• This dish can be made with ANY type of fish. I generally use a simple white fish like tilapia and shrimp. But feel free to use any fish you have at home or would like to use instead!
  • Make sure that the coconut is not too strong. You want to have an equal blend of tomato and coconut.
  • Once the fish has been added DO NOT STIR.
  • I eat moqueca with rice and farofa. I make a very simple farofa usually just with onions, but again, any farofa recipe works perfectly.
  • Most importantly: have fun with this recipe!

Brazilian Seafood StewIngredients

1 large onion, finely chopped
4 garlic cloves, finely chopped
5tbsp tempero caseiro (substitute for onions & garlic)
olive oil
1 red bell pepper, finely chopped
1 green bell pepper, finely chopped
16oz can of crushed or diced tomatoes
8oz can coconut milk
400g/880oz shrimp
500g/1lb tilapia, or other mild white fish
1 cup parsley or cilantro
1-2 tbsp chili flakes
salt

Prepare all of the vegetables: chop the peppers, onions, garlic, and parsley or cilantro (if using tempero caseiro measure required quantity). Place a the capixaba, clay pot, or cast iron pan over medium heat and warm-up the olive oil. When oil is warm add the onions and garlic (or tempero caseiro). Sauté until fragrant, approximately 3-4 minutes. Add the pepper and sauté for another 6-8 minutes or until slightly tender. Add the crushed or diced tomatoes and leave to simmer with the lid off for approximately 10 minutes. Add the coconut milk, stir well, and bring to a boil. Add the salt, chili flakes, and half of the parsley or cilantro to taste (you do not want the dish to be too spicy). Lower heat and keep mixture at a low boil. Prepare the shrimp and tilapia; take off the shrimp tails and cut tilapia into medium sized chunks. After mixture has boiled for approximately 10 minutes add the fish. Once the fish has been added do not stir the mixture anymore. Cook for an additional 5 minutes, or until the fish is cooked through. Add the remaining parsley or cilantro. Serve with rice and farofa!

For a PDF of this recipe CLICK HERE!Brazilian Seafood Stew

Truckers Rice – a great variation to white rice

Arroz CarreteiroSo Brazilians seem to have a variation to almost everything, and rice is no exception. Plain white rice is just not enough! Mixing rice with all kinds of goodies makes for an even more elaborate and tasty dish. That is just what arroz carreteiro (ah-hoyz ka-hay-tay-ro) or truckers rice aims to do. Primarily found in the south of Brazil, arroz carreteiro is almost a meal in-itself with vegetables and meat adding beautiful flavors to an already fragrant white rice.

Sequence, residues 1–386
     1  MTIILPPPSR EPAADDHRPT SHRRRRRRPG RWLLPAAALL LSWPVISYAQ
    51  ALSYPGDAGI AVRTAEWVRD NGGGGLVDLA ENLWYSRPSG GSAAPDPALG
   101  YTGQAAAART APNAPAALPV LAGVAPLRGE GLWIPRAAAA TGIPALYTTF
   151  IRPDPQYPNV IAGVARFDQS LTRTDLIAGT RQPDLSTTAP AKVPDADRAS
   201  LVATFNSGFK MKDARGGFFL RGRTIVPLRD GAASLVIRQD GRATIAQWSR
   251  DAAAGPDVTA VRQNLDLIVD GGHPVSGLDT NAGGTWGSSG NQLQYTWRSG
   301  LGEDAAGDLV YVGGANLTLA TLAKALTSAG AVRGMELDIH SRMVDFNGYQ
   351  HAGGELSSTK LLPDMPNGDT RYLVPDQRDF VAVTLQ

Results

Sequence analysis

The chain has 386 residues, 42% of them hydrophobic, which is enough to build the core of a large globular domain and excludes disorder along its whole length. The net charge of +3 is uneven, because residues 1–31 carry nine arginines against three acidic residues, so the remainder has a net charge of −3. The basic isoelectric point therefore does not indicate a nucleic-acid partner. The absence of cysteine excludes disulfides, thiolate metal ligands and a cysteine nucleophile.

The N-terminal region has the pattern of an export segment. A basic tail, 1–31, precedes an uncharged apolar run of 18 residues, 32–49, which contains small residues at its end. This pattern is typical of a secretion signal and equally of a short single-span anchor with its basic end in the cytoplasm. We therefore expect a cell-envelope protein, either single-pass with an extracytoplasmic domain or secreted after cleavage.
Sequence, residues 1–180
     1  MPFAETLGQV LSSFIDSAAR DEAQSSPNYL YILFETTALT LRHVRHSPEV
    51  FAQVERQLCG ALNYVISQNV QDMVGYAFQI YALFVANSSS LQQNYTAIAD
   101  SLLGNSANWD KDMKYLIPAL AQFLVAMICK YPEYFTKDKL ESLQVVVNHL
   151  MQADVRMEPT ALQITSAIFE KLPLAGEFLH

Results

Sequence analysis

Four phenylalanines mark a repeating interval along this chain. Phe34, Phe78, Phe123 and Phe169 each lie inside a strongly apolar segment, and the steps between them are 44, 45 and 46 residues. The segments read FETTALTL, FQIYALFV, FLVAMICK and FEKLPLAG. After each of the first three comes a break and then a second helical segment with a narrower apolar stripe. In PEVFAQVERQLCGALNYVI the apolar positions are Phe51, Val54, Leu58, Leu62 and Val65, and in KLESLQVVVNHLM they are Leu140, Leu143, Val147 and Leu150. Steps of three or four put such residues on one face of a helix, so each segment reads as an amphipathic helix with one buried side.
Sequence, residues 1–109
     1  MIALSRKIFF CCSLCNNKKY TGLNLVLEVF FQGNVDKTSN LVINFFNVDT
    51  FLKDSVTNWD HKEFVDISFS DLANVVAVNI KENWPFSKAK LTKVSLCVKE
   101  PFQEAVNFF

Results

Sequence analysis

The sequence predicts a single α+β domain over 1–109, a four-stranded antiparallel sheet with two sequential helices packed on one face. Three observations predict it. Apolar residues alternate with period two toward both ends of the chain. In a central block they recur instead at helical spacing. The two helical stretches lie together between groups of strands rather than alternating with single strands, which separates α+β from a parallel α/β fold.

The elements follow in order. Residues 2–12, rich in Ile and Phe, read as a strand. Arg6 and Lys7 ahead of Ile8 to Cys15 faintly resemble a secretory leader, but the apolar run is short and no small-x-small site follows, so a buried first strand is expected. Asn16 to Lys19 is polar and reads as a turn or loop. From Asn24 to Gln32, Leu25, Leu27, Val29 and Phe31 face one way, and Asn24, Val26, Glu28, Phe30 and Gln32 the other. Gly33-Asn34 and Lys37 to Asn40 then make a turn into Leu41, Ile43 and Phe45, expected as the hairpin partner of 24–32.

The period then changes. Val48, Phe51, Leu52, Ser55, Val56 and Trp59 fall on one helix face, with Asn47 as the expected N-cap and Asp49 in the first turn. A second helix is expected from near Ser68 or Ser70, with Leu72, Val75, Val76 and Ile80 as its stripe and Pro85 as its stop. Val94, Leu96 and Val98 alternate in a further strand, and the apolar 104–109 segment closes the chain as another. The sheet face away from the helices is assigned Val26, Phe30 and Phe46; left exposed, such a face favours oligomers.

I don’t make arroz carreteiro on a regular basis. I usually make it when I want my rice to have just a little bit more to it or I don’t want to make beans. This week I decided to make arroz carreteiro to accompany grilled pork chops and farofa. There are many different recipes for arroz carreteiro and I am not quite sure which is the original or best one. But never mind, I am going to share with you my recipe for arroz carreteiro and lucky me it has past the approval test of Brazilians from Rio Grande do Sul (the south of Brazil where it is commonly found).

Ingredients

2 cups basmati or jasmine white rice
4 cups boiling water
1 onion finely chopped
3 cloves of garlic finely chopped
3 tblsp tempero caseiro (substitute for onions, garlic, & salt)
2 tbsp olive oil
2 tsp salt
1/2 cup bacon chopped
1/2 cup carne seca, dried meat (optional)
1/2 red, orange, or yellow bell pepper finely chopped
1/2 green bell pepper finely chopped
1/2 cup chopped parsley

Wash the rice until water runs clear and set aside to dry. Boil enough water for four cups. Chop the onions and garlic. If using tempero caseiro measure out the necessary quantity. Finely chop the peppers, bacon, carne seca (optional), and parsley. Place a medium sized pan over medium heat and heat-up the olive oil. Fry the onions and garlic, or tempero caseiro until fragrant, approximately 3-4 minutes. Add the bacon and carne seca and fry for an additional 5 minutes. Add the pepper and fry for another 4-5 minutes. Add the parsley and rice together and fry for an additional 5 minutes, making sure that the rice does not stick to the bottom of the pan. Add the boiling water and salt and cover to cook for 5 minutes. Lower the heat to low and cook for an additional 10-15 minutes until the water has evaporated. If the rice is not properly cooked add a little bit more water and cook until done!

For a PDF of this recipe CLICK HERE!